Lawmakers reached an eleventh hour deal to avert a credit default on 16 October 2013. The agreement hashed out by Senate Majority Leader Harry Reid (D-NV) and Senator Minority Leader Mitch McConnell (R-KY) reopened federal agencies after a 16-day shutdown and allowed the Treasury Department to borrow money and avoid a default that experts say would have disrupted the global economy.
The short-term deal funds the federal government at the fiscal year (FY) 2013 funding level of $986 billion through mid-January. This is higher than the spending cap of $967 billion for FY 2014 authorized by the Budget Control Act of 2011. The deal does not do away with budget sequestration, as some lawmakers had hoped, which means that funding for scientific research, environmental conservation, defense, and other government programs will continue to be constrained.
The legislation passed the Senate with the bipartisan support of 81 Senators. In the House, the entirety of the Democratic caucus—save for two members who were sick—was joined by 87 Republicans to pass the measure. Despite the insistence of some GOP lawmakers, the deal does not undo or delay the Affordable Care Act (also known as Obamacare), but it does require stricter efforts to verify the income of individuals who apply for health insurance subsidies.
Federal employees who were furloughed during the shutdown will be given back pay. Surprisingly, the law also provides for a one percent pay increase in January for all employees. Congress could still block the first cost-of-living increase for federal workers in four years, however.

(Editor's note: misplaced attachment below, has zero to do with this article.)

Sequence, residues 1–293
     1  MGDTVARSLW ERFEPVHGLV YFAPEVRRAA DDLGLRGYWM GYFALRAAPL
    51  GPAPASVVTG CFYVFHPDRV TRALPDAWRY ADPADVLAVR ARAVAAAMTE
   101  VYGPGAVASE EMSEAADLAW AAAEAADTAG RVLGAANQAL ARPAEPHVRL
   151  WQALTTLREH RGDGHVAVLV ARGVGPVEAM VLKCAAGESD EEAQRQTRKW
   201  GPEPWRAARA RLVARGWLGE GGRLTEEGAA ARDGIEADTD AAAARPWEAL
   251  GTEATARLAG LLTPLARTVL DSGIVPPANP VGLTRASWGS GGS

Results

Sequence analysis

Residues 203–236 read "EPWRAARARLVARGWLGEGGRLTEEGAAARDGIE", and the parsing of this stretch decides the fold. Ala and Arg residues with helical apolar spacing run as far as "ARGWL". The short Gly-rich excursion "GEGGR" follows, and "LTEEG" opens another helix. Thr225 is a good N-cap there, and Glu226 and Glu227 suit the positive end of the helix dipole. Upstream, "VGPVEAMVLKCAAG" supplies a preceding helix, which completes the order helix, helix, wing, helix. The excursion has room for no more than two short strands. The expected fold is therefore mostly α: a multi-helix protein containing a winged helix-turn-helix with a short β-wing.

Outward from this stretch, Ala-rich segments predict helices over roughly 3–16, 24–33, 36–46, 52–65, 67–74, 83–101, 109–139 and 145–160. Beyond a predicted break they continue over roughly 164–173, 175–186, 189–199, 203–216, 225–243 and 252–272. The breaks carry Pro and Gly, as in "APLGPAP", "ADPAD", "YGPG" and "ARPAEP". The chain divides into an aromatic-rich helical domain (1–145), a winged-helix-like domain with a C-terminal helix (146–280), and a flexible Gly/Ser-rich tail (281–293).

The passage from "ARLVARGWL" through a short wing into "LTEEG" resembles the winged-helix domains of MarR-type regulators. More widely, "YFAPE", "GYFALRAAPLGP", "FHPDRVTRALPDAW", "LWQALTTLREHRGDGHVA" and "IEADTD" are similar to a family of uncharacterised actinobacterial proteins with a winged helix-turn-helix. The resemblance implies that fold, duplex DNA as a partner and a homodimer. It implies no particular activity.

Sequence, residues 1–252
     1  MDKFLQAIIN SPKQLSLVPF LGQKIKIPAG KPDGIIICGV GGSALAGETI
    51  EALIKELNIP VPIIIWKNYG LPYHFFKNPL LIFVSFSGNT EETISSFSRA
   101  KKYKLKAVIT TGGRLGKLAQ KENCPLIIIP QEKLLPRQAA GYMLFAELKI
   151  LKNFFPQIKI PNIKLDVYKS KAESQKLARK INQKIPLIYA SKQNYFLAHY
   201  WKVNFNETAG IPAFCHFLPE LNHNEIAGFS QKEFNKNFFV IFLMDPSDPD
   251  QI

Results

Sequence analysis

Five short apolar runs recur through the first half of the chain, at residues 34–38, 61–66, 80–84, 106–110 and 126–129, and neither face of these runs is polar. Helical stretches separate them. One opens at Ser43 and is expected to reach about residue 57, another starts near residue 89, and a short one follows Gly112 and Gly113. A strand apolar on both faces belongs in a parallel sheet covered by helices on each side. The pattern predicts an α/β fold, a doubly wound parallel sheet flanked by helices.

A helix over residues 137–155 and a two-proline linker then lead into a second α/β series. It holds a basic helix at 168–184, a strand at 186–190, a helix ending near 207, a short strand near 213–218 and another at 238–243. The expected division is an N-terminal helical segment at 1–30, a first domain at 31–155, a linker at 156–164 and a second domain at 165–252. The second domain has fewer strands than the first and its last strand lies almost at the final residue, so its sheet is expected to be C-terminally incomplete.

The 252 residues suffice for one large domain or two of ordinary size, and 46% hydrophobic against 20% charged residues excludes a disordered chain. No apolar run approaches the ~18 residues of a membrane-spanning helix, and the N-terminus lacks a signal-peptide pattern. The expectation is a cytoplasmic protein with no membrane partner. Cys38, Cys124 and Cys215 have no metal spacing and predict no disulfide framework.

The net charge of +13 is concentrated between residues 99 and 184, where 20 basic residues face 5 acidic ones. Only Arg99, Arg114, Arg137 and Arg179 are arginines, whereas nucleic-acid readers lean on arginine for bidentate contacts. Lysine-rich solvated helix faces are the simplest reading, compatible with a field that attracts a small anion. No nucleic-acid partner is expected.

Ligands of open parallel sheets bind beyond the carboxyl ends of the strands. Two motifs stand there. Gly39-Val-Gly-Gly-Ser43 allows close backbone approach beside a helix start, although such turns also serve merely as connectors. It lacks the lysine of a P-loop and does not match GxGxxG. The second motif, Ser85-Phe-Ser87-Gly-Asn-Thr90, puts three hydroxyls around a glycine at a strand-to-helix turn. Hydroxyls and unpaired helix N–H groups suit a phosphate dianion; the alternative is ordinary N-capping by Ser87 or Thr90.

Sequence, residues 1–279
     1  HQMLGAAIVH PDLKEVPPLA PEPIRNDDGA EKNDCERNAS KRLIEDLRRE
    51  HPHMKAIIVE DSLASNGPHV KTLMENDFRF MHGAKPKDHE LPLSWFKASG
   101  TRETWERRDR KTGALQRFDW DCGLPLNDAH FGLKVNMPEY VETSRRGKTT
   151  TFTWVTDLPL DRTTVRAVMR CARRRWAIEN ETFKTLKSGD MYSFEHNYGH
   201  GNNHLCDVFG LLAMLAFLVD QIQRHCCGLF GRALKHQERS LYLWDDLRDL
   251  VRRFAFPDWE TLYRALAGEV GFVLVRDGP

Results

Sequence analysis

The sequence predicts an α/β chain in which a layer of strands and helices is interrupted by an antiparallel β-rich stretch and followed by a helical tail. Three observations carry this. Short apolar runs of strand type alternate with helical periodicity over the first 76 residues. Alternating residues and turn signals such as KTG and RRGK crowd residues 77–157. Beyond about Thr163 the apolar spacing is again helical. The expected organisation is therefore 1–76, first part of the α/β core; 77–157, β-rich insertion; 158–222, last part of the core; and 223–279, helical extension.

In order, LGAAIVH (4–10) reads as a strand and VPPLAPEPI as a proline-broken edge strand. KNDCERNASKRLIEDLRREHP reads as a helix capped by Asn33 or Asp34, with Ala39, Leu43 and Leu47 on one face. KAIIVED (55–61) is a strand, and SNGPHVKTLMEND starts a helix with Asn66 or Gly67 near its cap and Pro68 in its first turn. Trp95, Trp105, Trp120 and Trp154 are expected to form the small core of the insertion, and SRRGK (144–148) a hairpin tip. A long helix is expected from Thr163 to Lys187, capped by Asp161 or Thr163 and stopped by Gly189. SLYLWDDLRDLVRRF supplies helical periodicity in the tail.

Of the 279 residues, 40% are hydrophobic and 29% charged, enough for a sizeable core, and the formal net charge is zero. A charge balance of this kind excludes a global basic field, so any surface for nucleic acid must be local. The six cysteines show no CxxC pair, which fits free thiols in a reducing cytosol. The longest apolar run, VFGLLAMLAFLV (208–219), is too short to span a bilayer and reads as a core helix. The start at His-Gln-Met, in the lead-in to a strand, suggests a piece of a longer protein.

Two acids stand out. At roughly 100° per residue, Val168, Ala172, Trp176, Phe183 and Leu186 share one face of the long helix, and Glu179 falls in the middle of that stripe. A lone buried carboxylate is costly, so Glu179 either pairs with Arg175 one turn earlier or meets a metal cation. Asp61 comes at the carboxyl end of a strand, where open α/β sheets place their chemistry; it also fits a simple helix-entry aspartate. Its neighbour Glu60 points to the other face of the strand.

The law requires Congress to form a budget conference committee so that the two chambers can work out differences regarding spending. Among the likely sticking points will be the overall funding level for discretionary spending, defense and non-defense programs whose budgets are determined annually by Congress. Democrats will push for a replacement to the across-the-board cuts from sequestration and the inclusion of new revenue. Republicans will likely focus on maintaining the lower overall spending level of $967 billion and changing entitlement programs.
Two years ago, Congress formed a ‘super committee’ to address the budget deficit. The failure of that committee to reach an agreement triggered the start of budget sequestration the following year.
Despite the reopening of the government and the short-term increase of the nation’s debt limit, the U.S. economy was negatively impacted by the government shutdown. According to rating agency Standard & Poor’s, the shutdown cost $24 billion and reduced gross domestic product (GDP) growth. Although many experts expect some recovery of lost economic input in the coming weeks, business investment and consumer spending could continue to be depressed because of the potential for another showdown when the deal expires in a few months.
back to Public Policy Reports